10 Nov A Thanksgiving Meditation
It must have been the most horrifying experience of their lives. Though there were slightly more than a hundred people aboard The Mayflower, only 54 were from the band of Separatists who had lived in Holland the previous twelve years to escape persecution in England. They were farmers and sheepherders for the most part, though some might have been craftsmen of one trade or another. Yet never had they been on the high seas. So it must have seemed as though the very demons of hell were loosed upon them during that fall of 1620.
The storms of the north Atlantic were so fierce and the ship so tossed that the main mast often dipped into the waves. It was a disorienting, stomach-churning experience even for the experienced sailors among them. The small band of believers on board — men, women, an expectant mother and small children among them — were kept in the “tween deck” for fear of the buffeting storms. Many were sick. Some wailed their agonies endlessly through the terrifying nights. The icy winds wailed with them. It was a filthy, smelly, terrifying time of testing.
The elements were not the only opposition these Christians, who would soon be called “Pilgrims,” endured. There was one sailor who persisted in calling them “psalm-singing pukestockings,” which were the two things they spent most of their time doing. Though the Pilgrims forgave and prayed for the man’s soul, he was, mysteriously, the only person to die during the voyage.
For 66 days the little ship, no longer than a modern volleyball court, made the treacherous voyage from England to the coast of Massachusetts. When they arrived, what must their thoughts have been as they scanned the howling wilderness that was to be their home? William Bradford, later their Governor, recalled:
What could sustain them but the spirite of God and his grace. May not and ought not the children of these fathers, rightly say: ‘Our fathers were Englishmen which came over this great ocean, and were ready to perish in this wilderness.’”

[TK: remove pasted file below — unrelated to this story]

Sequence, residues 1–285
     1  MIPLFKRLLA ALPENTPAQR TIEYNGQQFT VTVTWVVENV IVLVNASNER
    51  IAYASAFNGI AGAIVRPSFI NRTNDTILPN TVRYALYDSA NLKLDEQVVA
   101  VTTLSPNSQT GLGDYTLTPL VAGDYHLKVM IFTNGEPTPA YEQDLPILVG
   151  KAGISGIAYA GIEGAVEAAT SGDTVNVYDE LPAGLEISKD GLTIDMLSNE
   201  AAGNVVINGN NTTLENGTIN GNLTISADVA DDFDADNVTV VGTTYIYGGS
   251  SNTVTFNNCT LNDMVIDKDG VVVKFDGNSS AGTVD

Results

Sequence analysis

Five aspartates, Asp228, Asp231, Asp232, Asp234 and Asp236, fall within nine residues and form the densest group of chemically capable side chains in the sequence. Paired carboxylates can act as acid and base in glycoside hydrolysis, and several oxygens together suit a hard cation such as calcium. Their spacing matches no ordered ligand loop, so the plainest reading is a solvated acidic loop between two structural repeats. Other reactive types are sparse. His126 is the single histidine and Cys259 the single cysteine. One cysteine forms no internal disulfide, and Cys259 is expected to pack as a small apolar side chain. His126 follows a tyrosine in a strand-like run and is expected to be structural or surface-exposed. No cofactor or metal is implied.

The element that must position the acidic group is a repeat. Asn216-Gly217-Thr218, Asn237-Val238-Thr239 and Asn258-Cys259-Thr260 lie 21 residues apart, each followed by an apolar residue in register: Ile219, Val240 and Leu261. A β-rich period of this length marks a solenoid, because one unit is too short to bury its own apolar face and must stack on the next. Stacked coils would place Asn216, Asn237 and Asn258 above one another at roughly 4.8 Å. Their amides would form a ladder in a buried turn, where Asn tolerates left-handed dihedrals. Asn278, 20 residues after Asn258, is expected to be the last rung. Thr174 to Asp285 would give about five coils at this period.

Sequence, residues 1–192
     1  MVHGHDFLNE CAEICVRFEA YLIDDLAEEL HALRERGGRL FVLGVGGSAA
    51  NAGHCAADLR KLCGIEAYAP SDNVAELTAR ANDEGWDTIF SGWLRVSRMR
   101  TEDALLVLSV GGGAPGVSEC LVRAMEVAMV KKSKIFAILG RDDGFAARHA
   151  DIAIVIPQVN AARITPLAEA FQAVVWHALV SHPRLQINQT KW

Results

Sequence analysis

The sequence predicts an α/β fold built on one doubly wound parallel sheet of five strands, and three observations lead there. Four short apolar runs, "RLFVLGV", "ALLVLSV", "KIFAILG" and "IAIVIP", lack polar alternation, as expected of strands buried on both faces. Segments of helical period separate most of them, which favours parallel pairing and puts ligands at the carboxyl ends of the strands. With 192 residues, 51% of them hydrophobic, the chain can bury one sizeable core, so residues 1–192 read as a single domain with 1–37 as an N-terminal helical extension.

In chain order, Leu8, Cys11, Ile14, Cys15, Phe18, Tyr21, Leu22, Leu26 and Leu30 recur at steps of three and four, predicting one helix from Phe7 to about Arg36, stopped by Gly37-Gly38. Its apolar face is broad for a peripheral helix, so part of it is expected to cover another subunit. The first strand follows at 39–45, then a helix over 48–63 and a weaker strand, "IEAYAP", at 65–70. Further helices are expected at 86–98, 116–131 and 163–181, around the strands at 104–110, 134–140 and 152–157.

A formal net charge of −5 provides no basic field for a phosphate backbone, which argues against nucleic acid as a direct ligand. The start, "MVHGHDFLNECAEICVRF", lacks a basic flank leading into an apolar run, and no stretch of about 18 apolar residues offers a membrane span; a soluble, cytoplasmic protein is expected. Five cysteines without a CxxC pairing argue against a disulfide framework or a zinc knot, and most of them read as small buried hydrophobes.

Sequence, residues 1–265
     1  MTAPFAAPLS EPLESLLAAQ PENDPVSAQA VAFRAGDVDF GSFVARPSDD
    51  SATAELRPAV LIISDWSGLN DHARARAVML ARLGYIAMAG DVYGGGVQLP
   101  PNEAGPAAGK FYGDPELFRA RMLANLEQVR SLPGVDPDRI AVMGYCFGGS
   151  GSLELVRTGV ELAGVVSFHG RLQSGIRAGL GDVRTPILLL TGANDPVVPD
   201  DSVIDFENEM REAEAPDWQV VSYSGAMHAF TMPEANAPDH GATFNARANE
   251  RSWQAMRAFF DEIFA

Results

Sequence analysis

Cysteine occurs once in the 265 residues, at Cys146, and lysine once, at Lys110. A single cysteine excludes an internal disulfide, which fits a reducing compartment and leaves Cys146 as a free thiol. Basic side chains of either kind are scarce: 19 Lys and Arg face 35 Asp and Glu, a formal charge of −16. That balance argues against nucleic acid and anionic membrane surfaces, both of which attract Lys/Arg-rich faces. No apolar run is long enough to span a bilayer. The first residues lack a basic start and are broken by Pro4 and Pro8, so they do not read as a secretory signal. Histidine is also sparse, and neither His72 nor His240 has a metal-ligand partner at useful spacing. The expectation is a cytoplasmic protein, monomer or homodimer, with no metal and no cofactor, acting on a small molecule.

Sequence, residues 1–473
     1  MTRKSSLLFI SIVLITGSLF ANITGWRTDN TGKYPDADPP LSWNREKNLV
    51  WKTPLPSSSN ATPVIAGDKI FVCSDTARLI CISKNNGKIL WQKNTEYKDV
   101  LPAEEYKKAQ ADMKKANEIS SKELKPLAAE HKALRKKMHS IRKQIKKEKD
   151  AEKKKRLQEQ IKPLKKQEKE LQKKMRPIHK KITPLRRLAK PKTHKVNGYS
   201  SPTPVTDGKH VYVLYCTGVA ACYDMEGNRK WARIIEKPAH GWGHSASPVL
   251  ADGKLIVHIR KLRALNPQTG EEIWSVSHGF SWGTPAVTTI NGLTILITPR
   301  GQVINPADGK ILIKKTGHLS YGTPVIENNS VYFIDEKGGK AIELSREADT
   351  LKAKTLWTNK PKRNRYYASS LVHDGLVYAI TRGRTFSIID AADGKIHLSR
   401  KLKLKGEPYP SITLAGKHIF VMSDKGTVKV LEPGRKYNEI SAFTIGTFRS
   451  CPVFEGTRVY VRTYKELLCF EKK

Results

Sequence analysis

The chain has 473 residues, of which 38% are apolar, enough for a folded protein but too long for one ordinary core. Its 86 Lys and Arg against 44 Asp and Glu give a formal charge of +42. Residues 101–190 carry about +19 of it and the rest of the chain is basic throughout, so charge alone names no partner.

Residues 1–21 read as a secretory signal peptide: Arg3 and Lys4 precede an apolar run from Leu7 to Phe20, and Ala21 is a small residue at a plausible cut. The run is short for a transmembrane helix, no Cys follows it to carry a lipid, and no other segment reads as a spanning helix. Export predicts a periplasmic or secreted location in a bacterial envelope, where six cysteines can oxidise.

And perish they almost did. More than half of them died during that first winter, often called “the starving time.” At one point, each person’s ration for a day was no more than five kernels of corn and a few ounces of brackish water. Indian friends like Squanto and Samoset taught the white men how to harvest the bay and the land, but the yield would not be sufficient until the next year. So they buried their dead and prayed for the mercy of God.
In the spring they planted and soon after began sensing that God had heard their prayers. The previous winter had been the worst of times, but the harvest looked bountiful now, the settlement was growing and God seemed to be smiling upon them.
When the harvest was gathered that fall, their leaders called for some of the men to go hunting in preparation for a great feast to celebrate the goodness of God. Wild fowl, fish, and venison were gratefully prepared. They invited their Indians friends, too, who brought five freshly killed deer. The white women prepared hoecakes, cornmeal pudding and a variety of vegetables while the Indian women introduced delicacies made with blueberries, apples, and cherries. The most welcome new food which the Indians brought with them, though, was a new way of cooking corn in an earthen pot until it became white and fluffy — popcorn!
It was indeed a thanksgiving, but not just for safety and abundance of food. It was also a time to remember the words they had penned about their purpose for coming when they were still on The Mayflower. They came, they said, “for the Glory of God and the advancement of the Christian faith,” “for propagating and advancing the gospel of the kingdom of Christ in those remote parts of the world; yea, though they should be but even as stepping-stones unto others for the performing of so great a work.”
So they were. And we ought to remember them this Thanksgiving, and take their mission to our hearts.
William Bradford, Of Plimoth Plantation
Have a Happy Thanksgiving – Stephen